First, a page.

- Renting out conversions or DIY builds
- Necessary documentation
Should I insure my build at Actual Cash Value or Agreed Upon Value?
Both options have their advantages, and have separate requirements. Insuring your build at Actual Cash Value typically comes with lower premiums, but generally has a lower total payout in the event your rig is totaled. Agreed Upon Value usually has higher premiums, but higher total compensation when you file a claim.
Do I plan on renting out my conversion or DIY build?
Because of how popular campervans and Conversion rigs are these days, they typically see the highest rental prices and most overall utilization on platforms like Outdoorsy.
Take Getaway Vanz for example. Starting out with just one campervan in 2020, this RV rental business has grown to three vans and one outfitted jeep with a rooftop tent and pull out kitchen. Just in 2021, Greg Powers, founder of Getaway Vanz, completed 62 bookings and earned $65,000 in revenue on Outdoorsy.
If you plan to rent out your vehicle as a way to subsidize your costs, make sure you insure your rig with a policy that allows you to rent it out.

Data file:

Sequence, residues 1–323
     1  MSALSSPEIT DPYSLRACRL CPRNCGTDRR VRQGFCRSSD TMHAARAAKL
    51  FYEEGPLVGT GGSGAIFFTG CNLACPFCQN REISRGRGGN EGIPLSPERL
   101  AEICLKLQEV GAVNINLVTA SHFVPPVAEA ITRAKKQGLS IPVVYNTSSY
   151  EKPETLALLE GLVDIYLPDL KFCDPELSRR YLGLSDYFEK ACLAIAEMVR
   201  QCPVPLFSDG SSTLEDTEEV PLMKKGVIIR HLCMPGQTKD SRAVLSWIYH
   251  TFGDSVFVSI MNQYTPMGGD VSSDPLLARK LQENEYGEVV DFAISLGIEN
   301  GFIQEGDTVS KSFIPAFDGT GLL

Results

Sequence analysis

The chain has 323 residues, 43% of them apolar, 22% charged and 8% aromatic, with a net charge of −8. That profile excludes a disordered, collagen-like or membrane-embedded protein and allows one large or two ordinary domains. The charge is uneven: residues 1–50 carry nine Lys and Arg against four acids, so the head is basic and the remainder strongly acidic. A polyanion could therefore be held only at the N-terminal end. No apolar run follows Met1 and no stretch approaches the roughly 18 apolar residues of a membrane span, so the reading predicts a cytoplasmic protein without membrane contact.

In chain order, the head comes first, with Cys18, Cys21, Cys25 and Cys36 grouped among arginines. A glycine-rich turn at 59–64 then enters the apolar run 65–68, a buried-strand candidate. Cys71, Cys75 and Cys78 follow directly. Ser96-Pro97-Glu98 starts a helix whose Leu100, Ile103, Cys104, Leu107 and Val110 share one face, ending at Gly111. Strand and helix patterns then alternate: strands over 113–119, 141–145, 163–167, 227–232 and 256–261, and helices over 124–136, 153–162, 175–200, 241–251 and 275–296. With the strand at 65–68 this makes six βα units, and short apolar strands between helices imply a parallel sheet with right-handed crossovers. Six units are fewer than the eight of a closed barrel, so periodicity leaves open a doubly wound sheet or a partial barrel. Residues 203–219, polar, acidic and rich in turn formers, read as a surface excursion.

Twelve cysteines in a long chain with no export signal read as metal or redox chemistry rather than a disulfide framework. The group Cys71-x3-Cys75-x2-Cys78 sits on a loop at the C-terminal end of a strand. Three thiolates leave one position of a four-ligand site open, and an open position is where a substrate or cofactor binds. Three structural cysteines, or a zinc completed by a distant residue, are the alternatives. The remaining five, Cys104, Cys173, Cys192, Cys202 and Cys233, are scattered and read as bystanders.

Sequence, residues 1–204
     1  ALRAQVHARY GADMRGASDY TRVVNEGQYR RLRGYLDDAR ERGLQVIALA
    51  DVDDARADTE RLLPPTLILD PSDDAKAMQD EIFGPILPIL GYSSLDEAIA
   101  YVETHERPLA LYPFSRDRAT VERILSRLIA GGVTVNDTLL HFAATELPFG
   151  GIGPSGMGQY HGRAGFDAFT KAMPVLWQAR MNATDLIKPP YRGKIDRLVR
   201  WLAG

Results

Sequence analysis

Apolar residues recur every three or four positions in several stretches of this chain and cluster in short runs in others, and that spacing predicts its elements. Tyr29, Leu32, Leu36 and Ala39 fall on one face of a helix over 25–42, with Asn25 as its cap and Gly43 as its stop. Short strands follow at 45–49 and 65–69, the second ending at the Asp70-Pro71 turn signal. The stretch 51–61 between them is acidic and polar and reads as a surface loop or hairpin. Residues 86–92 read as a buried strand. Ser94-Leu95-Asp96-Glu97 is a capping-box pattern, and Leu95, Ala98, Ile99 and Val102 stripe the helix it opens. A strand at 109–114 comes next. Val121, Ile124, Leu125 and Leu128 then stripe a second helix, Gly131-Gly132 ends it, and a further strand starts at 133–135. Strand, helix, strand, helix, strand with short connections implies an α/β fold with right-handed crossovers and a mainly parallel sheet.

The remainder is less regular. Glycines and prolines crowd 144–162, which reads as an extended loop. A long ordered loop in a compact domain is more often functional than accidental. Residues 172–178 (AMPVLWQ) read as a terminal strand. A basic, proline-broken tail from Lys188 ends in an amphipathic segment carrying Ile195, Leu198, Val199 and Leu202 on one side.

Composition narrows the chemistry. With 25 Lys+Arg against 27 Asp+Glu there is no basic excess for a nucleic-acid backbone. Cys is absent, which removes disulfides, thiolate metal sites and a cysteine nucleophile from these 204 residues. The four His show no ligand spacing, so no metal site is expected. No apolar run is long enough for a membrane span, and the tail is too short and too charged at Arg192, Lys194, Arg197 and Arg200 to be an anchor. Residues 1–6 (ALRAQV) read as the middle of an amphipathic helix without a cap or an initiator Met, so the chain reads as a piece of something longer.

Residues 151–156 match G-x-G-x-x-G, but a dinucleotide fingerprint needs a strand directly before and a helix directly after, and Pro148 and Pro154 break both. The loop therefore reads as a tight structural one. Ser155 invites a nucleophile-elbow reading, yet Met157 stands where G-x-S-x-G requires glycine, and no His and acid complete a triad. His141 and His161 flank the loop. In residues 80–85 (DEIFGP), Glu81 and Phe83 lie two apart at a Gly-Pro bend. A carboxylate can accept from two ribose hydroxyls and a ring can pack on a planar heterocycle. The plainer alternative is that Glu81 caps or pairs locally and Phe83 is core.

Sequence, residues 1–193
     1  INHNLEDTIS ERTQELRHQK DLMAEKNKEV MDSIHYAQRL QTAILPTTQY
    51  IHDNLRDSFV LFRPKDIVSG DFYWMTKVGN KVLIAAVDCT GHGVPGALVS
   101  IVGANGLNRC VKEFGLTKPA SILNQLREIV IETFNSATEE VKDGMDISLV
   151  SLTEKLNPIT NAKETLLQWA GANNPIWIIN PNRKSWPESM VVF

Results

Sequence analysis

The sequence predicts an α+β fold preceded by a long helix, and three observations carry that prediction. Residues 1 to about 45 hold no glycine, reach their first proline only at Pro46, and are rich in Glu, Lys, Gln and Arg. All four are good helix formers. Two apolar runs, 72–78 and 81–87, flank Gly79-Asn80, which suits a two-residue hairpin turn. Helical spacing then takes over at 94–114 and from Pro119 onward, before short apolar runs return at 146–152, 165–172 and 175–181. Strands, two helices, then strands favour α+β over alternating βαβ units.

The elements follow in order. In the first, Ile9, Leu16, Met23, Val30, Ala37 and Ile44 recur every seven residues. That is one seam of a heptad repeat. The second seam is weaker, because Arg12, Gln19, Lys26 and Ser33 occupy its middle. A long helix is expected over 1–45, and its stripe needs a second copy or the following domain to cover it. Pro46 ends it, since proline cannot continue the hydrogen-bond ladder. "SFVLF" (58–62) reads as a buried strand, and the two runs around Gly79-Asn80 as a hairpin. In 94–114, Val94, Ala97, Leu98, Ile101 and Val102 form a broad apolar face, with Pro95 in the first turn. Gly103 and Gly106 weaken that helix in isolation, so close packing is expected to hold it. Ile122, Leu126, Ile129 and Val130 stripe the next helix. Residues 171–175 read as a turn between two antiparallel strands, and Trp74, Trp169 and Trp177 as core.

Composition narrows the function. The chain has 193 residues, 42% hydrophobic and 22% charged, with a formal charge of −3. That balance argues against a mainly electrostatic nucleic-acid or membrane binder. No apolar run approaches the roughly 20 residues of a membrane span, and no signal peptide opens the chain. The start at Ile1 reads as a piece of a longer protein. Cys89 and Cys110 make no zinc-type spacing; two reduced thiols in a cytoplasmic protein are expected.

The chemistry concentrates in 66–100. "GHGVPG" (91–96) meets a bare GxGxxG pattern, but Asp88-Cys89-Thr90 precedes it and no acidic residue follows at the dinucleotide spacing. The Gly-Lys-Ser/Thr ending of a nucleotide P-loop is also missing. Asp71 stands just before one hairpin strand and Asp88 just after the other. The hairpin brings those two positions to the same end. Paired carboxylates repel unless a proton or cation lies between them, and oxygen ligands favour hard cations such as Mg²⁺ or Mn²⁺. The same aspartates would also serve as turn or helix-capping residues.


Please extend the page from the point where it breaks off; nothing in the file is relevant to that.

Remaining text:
What sort of documentation do I need to insure my build as an RV?
Based on whether you’d like to insure your rig at Actual Cash Value or Agreed Upon Value, there will be different requirements for documentation you’ll need in order to insure your rig as an RV. Here are the basic pieces of information you’ll want to have.
Agreed Upon Value
For DIY builds, you’ll need a 3rd party appraiser to help determine the value of your build. For professionally upfitted builds, you’ll need a buildout sheet from the upfitter as well as pictures of the rig’s interior and exterior. For both types of coverage, you’ll also need a bill of sale for the vehicle that was purchased.
Actual Cash Value
For actual cash value, you’ll need an itemized list of all of the components that went into the building of the vehicle. This list will be for your records and will help insure all of the materials from the build are covered in the event you need to make a claim.